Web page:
April 19, 2012 by cs
If you want to find out how your business can apply for federal HUBZone certification status, then Macon State University is the place you need to be on Tuesday, May 1, 2012.
The Small Business Administration’s HUBZone Program promotes economic development and employment growth in distressed areas of the country by providing preferential access to federal contracting opportunities. These preferences go to small businesses that maintain a principal office in one of these specially designated areas, employ staff who live in a HUBZone, and apply for and obtain HUBZone certification.
In order to qualify for the HUBZone program, your business must be located in an area designated as a Historically Underutilized Business (HUB) Zone. You may determine if an address or a particular area is designated as a HUBZone by visiting http://map.sba.gov/hubzone/maps and typing-in the address of your principal place of business. If the resulting map indicates that your business is located in a HUBZone, you may be eligible to receive a preference in the award of federal contracts, but you must first become HUBZone certified.
In addition to being located in a HUBZone, there are additional requirements you must meet in order to be certified. Certification is a complex process, but the process could well be worth your time because of the resulting federal contracting preferences.
In order to guide you through this process, the Georgia District Office of the SBA is hosting an all-day workshop on May 1st that is designed to help you understand the details of HUBZone eligibility, the step-by-step application process, and much more.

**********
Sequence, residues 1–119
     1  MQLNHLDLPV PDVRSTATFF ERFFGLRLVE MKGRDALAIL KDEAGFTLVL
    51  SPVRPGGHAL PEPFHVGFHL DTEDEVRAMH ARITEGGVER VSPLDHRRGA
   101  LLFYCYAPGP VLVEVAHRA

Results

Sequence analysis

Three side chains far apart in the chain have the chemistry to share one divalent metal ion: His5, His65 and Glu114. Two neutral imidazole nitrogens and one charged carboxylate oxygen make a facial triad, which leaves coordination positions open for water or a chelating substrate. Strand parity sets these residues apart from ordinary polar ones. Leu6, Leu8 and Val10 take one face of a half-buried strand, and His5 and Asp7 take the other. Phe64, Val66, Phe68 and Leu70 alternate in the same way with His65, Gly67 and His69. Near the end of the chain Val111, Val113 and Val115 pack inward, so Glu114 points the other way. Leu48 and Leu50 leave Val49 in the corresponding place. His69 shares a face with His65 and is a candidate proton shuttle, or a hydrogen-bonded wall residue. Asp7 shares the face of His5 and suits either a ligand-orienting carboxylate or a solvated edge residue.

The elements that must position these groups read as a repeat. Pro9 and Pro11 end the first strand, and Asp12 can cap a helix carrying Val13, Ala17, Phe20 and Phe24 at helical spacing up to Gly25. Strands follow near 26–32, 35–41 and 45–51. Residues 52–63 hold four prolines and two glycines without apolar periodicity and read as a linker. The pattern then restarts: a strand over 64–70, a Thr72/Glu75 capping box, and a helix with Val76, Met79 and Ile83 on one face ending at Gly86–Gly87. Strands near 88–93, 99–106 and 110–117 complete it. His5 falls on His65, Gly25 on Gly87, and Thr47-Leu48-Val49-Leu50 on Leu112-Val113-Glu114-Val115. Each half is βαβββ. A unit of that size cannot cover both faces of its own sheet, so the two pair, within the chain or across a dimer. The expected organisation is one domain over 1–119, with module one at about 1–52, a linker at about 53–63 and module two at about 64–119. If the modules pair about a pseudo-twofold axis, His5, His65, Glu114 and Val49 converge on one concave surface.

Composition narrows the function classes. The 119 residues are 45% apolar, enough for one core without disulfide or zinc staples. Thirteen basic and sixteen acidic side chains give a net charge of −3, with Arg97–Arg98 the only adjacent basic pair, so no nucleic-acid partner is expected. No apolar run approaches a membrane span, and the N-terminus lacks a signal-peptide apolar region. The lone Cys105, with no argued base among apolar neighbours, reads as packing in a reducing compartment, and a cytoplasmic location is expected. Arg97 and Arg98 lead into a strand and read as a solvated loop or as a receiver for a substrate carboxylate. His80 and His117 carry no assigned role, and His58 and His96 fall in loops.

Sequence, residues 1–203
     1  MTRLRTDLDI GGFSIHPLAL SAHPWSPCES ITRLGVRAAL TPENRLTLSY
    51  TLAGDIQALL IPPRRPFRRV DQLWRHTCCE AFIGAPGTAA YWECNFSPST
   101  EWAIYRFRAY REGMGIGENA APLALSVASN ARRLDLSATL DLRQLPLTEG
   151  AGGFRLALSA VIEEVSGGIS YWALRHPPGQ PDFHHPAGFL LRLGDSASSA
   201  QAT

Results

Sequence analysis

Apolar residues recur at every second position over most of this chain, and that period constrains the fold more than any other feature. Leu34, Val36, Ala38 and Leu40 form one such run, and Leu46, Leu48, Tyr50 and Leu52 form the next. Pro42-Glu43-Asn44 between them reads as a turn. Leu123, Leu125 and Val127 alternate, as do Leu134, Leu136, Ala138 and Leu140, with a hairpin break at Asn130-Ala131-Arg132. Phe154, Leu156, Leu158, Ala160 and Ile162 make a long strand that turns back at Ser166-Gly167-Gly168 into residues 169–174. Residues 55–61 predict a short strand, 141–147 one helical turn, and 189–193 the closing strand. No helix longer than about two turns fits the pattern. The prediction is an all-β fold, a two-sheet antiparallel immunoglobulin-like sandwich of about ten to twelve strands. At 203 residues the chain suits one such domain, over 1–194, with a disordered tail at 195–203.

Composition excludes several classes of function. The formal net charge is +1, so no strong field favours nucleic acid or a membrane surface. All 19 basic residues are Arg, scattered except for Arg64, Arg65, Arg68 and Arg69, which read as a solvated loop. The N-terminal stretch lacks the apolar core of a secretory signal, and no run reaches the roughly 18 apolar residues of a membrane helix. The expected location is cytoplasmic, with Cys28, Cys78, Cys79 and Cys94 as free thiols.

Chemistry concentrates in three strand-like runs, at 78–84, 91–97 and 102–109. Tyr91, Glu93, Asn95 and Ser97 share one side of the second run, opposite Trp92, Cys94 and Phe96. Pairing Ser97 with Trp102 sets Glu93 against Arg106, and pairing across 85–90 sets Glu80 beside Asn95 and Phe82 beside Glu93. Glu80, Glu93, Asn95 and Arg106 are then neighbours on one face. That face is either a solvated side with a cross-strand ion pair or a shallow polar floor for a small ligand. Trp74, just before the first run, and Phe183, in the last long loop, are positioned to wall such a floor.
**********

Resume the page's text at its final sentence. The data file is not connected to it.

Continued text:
In addition, the Georgia Tech Procurement Assistance Center (GTPAC) will be conducting a session at this event to help you understand the fundamentals of government contracting, including how to identify and take advantage of HUBZone set-aside contracting opportunities.
Advance registration is required to attend. You can register by clicking on this link: http://events.sba.gov/eventmanagement/EventRegistration.aspx?id=e0148925-cc87-e111-b0b2-02bfa56e2a24.
The SBA’s HUBZone Boot Camp will be held from 9:00 am to 4:00 pm at Macon State University, 100 College Station Drive, Macon, GA 31206. A map and directions are located at http://www.maconstate.edu/maps.
More details on the SBA’s HUBZone Program and the certification application process may be found at https://eweb1sp.sba.gov/hubzone/internet/general/application-guide.cfm#Welcome.
A flyer describing the May 1 event can be downloaded by clicking here.
Here’s what the schedule for the day looks like:
HUBZone Boot Camp Agenda – May 1, 2012
9:00 – 9:15 Welcome and Opening Remarks
9:15 – 10:15 HUBZone 101 and Q and A
10:15– 10:30 Break
10:30 – 11:15 How to complete a HUBZone application session
11:15 – 12:15 Panel Discussion on best practices
12:15 – 1:30 Lunch break
1:30 – 2:30 Doing Business with the Federal Government
2:30 – 2:45 Break
3:00 – 3:45 Other Certifications
3:45 – 4:00 Close out
May 27, 2011 by ei2admin
If you are interested in learning about the tools needed to pursue business with the Warner Robins Air Logistics Center (WR-ALC), the place to be is Warner Robins, GA on June 22, 2011.